Chapter 1 contains information necessary for an understanding of how medical terms are formed. This includes learning about word roots, combining forms, prefixes, and suffixes, and general rules for building medical terms. You will also learn about terminology for medical records and the different health care settings. In Chapter 2, you will learn about terminology relating to the body structure, including organs and body systems. Here you will first encounter a feature found in each remaining chapter, Word Building tables, which list medical terms and their respective word parts. Throughout each chapter are also Med Term Tips, which are intended to stimulate your interest by describing quick facts about medical terms.
Anatomy and physiology Chapters
Chapters 3 through 13 are organized by body system. Each chapter begins with an overview of the organs in the system and is followed by lists of combining forms, prefixes, and/or suffixes with their meanings. The anatomy and physiology section is divided into the various components of the system, and each subsection begins with a list of key medical terms. Key terms are boldfaced and accompanied by a pronounciation guide the first time they appear in the narrative. A Word Building table and medical terms with pronunciations follow each anatomy and physiology section. For ease of learning, the medical terms are divided into four separate sections: vocabulary, pathology, diagnostic procedures, and therapeutic procedures. The new terms presented in the chapter are completed in a pharmacology and abbreviations section. The chapter review section includes a wide variety of exercises that both test your understanding and challenge you to apply the terms you have learned.
Special Topics Chapter
Chapter 14 contains timely information and appropriate medical terms relevant to the following medical specialties: pharmacology, mental health, diagnostic imaging, rehabilitation services, surgery, and oncology. Knowledge of these topics is necessary for the well-rounded health care worker.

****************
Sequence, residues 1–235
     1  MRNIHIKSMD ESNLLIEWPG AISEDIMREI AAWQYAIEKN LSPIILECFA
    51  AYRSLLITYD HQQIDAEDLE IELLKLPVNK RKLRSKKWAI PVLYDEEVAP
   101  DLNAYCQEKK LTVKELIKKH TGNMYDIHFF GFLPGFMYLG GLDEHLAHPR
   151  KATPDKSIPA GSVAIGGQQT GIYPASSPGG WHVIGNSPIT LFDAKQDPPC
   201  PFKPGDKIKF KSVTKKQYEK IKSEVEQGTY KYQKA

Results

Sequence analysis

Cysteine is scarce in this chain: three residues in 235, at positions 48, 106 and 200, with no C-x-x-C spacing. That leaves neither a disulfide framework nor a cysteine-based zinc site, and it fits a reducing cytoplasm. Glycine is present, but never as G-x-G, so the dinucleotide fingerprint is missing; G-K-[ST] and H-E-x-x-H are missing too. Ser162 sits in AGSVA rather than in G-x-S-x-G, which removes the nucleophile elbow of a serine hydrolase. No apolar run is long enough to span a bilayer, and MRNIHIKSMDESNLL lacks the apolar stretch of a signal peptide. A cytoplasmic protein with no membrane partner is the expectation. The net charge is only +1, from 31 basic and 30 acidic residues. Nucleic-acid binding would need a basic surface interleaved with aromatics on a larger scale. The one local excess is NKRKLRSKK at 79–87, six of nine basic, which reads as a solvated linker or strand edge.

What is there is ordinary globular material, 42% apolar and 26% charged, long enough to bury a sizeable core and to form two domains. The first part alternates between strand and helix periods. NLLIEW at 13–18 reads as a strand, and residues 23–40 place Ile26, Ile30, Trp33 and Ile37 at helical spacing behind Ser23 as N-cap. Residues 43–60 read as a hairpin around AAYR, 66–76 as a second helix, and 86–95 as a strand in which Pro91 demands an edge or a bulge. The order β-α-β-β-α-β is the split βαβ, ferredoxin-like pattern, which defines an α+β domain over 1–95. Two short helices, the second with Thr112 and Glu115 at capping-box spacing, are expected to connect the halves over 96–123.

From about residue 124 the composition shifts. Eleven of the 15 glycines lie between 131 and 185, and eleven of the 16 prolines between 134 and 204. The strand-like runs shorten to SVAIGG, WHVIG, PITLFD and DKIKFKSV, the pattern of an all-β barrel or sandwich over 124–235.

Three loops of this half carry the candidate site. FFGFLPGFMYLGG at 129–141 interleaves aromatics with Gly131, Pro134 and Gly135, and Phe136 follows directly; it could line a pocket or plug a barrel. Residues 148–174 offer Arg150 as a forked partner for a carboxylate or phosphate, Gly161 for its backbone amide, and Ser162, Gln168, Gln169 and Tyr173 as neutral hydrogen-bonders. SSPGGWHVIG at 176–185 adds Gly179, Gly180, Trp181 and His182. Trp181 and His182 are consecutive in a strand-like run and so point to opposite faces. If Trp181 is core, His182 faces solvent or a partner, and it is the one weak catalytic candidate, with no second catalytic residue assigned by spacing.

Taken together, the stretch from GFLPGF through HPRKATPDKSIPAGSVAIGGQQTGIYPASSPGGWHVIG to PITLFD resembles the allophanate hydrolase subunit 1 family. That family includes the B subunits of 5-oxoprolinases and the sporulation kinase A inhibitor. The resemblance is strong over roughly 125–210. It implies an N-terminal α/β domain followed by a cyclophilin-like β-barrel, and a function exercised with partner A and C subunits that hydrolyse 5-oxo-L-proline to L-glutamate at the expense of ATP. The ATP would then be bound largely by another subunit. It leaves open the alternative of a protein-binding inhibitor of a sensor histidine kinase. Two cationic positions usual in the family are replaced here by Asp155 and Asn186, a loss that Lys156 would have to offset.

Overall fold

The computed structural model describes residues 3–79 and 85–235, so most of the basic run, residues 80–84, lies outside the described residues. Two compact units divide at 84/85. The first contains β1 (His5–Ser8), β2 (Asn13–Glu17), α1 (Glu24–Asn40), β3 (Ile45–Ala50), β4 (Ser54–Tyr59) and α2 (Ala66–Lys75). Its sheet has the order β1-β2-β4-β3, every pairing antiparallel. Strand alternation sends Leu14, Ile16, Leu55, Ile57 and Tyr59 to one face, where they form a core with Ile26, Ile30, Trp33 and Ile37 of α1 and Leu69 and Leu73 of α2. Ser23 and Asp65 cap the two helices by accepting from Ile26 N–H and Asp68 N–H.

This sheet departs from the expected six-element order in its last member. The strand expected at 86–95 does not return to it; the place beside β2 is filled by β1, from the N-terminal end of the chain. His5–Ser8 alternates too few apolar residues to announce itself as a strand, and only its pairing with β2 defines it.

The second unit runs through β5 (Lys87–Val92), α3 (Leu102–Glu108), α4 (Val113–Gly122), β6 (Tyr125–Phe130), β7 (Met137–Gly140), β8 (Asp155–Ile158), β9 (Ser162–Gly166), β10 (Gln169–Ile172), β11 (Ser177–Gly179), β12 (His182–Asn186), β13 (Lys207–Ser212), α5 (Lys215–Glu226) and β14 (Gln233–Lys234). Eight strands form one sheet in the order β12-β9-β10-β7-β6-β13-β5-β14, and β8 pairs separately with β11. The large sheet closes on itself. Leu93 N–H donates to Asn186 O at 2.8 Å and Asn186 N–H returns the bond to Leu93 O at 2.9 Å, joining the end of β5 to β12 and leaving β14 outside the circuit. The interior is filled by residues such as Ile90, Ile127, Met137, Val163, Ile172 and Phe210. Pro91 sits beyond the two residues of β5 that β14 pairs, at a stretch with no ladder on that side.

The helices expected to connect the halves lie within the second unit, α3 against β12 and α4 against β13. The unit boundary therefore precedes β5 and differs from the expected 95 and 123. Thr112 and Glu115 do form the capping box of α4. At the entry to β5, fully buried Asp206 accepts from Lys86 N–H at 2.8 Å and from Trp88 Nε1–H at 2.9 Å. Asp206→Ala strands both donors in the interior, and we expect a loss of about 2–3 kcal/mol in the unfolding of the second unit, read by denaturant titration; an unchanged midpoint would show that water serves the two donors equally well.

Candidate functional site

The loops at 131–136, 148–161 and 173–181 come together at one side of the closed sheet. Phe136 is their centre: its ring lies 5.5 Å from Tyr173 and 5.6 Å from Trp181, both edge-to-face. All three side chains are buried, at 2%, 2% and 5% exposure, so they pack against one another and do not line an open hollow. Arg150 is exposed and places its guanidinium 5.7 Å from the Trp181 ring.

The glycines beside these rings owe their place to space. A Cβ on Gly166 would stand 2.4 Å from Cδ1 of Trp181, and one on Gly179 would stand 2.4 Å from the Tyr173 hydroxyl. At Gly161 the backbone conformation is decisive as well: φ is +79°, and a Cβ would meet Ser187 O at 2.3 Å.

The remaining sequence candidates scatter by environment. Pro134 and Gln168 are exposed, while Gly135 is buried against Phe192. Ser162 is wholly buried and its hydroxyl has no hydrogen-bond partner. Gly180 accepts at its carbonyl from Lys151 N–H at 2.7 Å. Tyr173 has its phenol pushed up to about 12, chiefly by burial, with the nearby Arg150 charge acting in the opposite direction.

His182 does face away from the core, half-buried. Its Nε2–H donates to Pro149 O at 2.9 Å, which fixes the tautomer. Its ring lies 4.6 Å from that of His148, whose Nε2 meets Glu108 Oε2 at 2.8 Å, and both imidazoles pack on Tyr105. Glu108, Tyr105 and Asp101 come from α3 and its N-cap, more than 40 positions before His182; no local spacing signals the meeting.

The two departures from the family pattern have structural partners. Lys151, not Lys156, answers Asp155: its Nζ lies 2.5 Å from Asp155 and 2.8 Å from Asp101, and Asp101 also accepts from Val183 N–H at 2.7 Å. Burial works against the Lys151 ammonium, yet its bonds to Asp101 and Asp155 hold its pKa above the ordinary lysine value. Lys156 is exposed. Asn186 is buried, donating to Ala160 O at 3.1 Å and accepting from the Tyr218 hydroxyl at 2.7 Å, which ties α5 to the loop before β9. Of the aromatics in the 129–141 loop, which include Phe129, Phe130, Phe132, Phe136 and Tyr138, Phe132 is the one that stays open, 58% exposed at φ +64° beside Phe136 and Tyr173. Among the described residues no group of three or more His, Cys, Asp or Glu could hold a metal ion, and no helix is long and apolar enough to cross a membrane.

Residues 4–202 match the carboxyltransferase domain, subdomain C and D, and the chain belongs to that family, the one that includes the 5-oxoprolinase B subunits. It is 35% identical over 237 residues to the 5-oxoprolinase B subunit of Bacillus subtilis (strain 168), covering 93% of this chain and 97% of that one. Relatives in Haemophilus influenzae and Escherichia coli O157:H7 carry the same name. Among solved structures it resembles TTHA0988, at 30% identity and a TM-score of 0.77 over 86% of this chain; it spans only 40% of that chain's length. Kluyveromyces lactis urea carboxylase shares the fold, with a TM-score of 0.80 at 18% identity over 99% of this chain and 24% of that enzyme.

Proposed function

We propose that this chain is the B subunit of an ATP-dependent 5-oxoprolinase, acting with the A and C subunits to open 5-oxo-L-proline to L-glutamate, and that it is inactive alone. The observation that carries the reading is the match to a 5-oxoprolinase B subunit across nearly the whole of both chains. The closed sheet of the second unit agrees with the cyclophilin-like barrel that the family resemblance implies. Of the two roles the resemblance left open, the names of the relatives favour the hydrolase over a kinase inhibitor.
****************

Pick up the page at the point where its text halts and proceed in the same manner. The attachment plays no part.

The appendices contain helpful reference lists of word parts and definitions. This information is intended for quick access. There are four main topics in the appendix: Abbreviations; Combining Forms; Prefixes; and Suffixes. The Combining Forms, Prefixes, and Suffixes Appendices present terms going from English to medical terms and then from medical terms to English. Finally, all of the key terms appear again in the glossary at the end of the text.
To the Instructor
The third edition of Medical Terminology: A Living Language uses an integrated approach for teaching medical terminology to the health care student. It assists students in mastering terminology and incorporating this knowledge through an understanding of anatomy and physiology. In this way, beginning students learn the purpose and use of the medical terms to which they are being introduced.
Features of the New Edition
This edition contains many new features that facilitate student mastery, while maintaining the best features of the second edition. Each chapter is arranged in a similar format and the content has been reorganized with an emphasis on maintaining consistency and accuracy. All terms have been reevaluated to ensure they remain in current use and terms that reflect new technologies and procedures have been added.
The end-of-chapter activities have been significantly expanded in this edition and answers at the end of the text provide immediate feedback. Activities include:
This feature includes an alphabetical listing of each term from the chapter with its see-and-say pronunciation. Students are encouraged to listen to the audio pronunciation of each term on the accompanying CD-ROM and check off each term as they master how to say it correctly.
Students see practical application of medical terminology for each body system by reading a realistic case scenario and responding to critical thinking questions about it.
Chart Note Transcription
Students read a patient scenario and then replace the phrases used to describe maladies, procedures, tests, and conditions with the accurate medical terms.
These include a variety of questions that allow students to test their knowledge of chapter material.
This new feature, linked to the Professional Profile content at the beginning of each chapter, serves as a capstone exercise, challenging students to use specified vocabulary words from the point of view of different health care professionals in a writing exercise.